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Game-Changing New Laws for California Bicyclists and Pedestrians

Written by Maison Law


As the cycling community continues to boom, the California legislative community has responded with some important legal updates. From stop signs to e-bikes, the state of California is making important reforms to try to reduce the accident rate among California cyclists and pedestrians.


AB 122 Re-Defines Stop Signs for Cali Cyclists



You don't need to go to Driver's Ed to learn what you should do when you reach a stop sign. However, with the passage of AB 122, Californian motorists may need a refresher course on this fundamental law of the road. Under this newly passed bill, California cyclists have the right to treat stop signs as "yield."


Supporters of this law claim it will help cyclists clear potentially dangerous intersections more quickly. Allegedly, the less time spent at these traffic-prone areas, the less likely there will be cyclist crashes. However, not everyone in the cyclist community is sold on this new law. For instance, groups like Berkeley's Missing Link Bicycle Cooperative are concerned younger riders will use AB 122 as an excuse to run through stop signs.


On a positive note, states that have adopted policies similar to California's AB 122 seem to have an overall reduction in cyclist fatalities. For instance, data from Delaware suggests cyclist crashes are down by over 20 percent roughly 30 months after putting their "yield" policy into place. Researchers at DePaul University also claim this "yield" standard is safer for cyclists.


CA's "Freedom to Walk" Act Repeals Jaywalking Restrictions




Another big transportation bill that recently passed the CA State Senate was the "Freedom To Walk" Act (AB 1238). As this law's title suggests, "Freedom To Walk" removes most of the fines associated with jaywalking. Specifically, this allows the state's pedestrians to make mid-block crossings or walk against traffic lights when it's safe to do so.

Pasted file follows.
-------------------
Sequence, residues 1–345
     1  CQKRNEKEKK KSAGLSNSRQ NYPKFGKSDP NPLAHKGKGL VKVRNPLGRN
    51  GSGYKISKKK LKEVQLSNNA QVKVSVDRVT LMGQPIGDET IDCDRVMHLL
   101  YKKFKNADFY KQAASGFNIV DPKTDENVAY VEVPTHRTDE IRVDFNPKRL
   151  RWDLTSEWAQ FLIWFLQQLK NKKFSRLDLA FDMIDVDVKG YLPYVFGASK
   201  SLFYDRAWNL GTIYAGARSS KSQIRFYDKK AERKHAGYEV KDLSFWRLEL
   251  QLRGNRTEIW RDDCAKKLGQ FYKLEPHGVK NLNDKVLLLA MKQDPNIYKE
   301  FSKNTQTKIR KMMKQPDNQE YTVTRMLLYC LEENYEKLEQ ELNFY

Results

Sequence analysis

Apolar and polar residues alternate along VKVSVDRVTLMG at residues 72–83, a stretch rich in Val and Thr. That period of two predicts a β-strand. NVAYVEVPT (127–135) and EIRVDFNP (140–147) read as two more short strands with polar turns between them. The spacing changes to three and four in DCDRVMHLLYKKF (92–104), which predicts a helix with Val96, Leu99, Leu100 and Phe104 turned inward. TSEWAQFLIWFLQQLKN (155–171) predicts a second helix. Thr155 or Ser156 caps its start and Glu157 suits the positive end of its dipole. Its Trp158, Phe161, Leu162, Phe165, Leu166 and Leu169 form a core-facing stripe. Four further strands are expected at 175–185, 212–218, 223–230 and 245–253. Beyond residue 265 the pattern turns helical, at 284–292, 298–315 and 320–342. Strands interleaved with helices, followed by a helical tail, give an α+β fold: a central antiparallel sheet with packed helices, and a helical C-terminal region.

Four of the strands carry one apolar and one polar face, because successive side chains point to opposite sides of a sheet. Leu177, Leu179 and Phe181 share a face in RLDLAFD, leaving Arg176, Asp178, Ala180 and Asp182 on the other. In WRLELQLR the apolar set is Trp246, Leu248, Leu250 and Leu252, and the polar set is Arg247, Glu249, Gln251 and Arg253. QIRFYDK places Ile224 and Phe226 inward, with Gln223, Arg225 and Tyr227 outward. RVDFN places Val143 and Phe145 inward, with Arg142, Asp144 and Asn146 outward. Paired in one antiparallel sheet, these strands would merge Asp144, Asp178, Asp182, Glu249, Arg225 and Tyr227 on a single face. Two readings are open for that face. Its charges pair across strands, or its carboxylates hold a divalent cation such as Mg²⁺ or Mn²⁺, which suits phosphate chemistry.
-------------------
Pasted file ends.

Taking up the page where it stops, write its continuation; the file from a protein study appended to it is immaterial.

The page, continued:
While this law isn't directed at cyclists per se, it has enjoyed significant support from cyclist advocacy organizations. Many groups like CalBike appreciate this law's focus on encouraging green forms of transportation. Bill supporters also claim AB 1238 may reduce the over-policing of economically disadvantaged communities. According to advocates, jaywalking laws are often used as a pretext to penalize people living in areas with poor infrastructure.


Just keep in mind the text of AB 1238 doesn't include anything new for bicyclists. However, it's worthwhile keeping a close eye on this new precedent to see if it affects the cyclist community.

E-Bike Concerns Encourage a Refresher Course on Cali's Classifications



Rentable e-bikes are becoming a common sight in California's biggest cities, including San Diego. Indeed, just a few months ago, the Encinitas City Council said it would allow 100 new e-bikes onto its streets.


Predictably, these new e-bikes have raised a lot of questions from community members. Just how old do you have to be to ride an e-bike? Are these devices treated similarly to regular bicycles? Do riders have to wear a helmet?


Thankfully, California has robust legal statutes on e-bikes. Although AB 1096 separates e-bikes into three categories, all of these units should be treated similarly to bicycles. The only slight exception would be type 3 e-bikes, which could reach 28 mph. Anyone who rides these faster e-bikes must be over 16 and wear a helmet. All other cyclists only need to wear a helmet if they're under 18.


It's also worth pointing out that e-bikes are not the same as mopeds. If you need a refresher course in these two vehicle types, it's a good idea to check out CA DMV's official list.


How Could Cali's Cyclists Evolve in the Upcoming Years?


California is never content with the status quo—and that includes bicyclist protocols. The only thing that's certain about California's cycling legislation is that it will evolve in the ensuing years. For instance, in the wake of the Black Lives Matter protests, some legislators have begun researching how helmet laws disproportionately affect minority communities. Also, as the number of California bicyclists swells, it may encourage legislators to increase cyclist infrastructure spending. No question, it has never been more crucial for California cyclists to follow their state's latest legal developments.




Maison Law (www.maisonlaw.com) is a personal injury law firm that represents injured clients throughout the state of California. Maison Law was founded by Martin Gasparian who is an advocate for bicycle safety in the communities that he serves. Maison Law routinely examines the implementation of safety measures in California and has published multiple studies on accident rates and fatality trends over the past several years.


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